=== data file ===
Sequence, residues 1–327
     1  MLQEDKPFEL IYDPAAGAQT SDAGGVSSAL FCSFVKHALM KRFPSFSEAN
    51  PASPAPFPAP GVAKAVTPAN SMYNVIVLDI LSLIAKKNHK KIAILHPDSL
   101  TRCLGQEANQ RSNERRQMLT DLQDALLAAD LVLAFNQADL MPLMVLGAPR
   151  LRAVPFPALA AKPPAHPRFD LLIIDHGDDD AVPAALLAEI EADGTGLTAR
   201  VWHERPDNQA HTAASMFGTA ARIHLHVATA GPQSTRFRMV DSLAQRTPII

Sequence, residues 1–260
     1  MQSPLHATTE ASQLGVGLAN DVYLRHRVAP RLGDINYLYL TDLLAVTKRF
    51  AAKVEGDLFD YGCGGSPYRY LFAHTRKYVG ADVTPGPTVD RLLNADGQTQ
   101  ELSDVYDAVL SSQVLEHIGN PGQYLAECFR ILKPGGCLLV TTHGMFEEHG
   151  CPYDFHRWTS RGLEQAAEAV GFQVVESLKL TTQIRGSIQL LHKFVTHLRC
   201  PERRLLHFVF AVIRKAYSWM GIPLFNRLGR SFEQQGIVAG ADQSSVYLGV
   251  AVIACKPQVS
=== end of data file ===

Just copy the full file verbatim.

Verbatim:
Sequence, residues 1–327
     1  MLQEDKPFEL IYDPAAGAQT SDAGGVSSAL FCSFVKHALM KRFPSFSEAN
    51  PASPAPFPAP GVAKAVTPAN SMYNVIVLDI LSLIAKKNHK KIAILHPDSL
   101  TRCLGQEANQ RSNERRQMLT DLQDALLAAD LVLAFNQADL MPLMVLGAPR
   151  LRAVPFPALA AKPPAHPRFD LLIIDHGDDD AVPAALLAEI EADGTGLTAR
   201  VWHERPDNQA HTAASMFGTA ARIHLHVATA GPQSTRFRMV DSLAQRTPII

Sequence, residues 1–260
     1  MQSPLHATTE ASQLGVGLAN DVYLRHRVAP RLGDINYLYL TDLLAVTKRF
    51  AAKVEGDLFD YGCGGSPYRY LFAHTRKYVG ADVTPGPTVD RLLNADGQTQ
   101  ELSDVYDAVL SSQVLEHIGN PGQYLAECFR ILKPGGCLLV TTHGMFEEHG
   151  CPYDFHRWTS RGLEQAAEAV GFQVVESLKL TTQIRGSIQL LHKFVTHLRC
   201  PERRLLHFVF AVIRKAYSWM GIPLFNRLGR SFEQQGIVAG ADQSSVYLGV
   251  AVIACKPQVS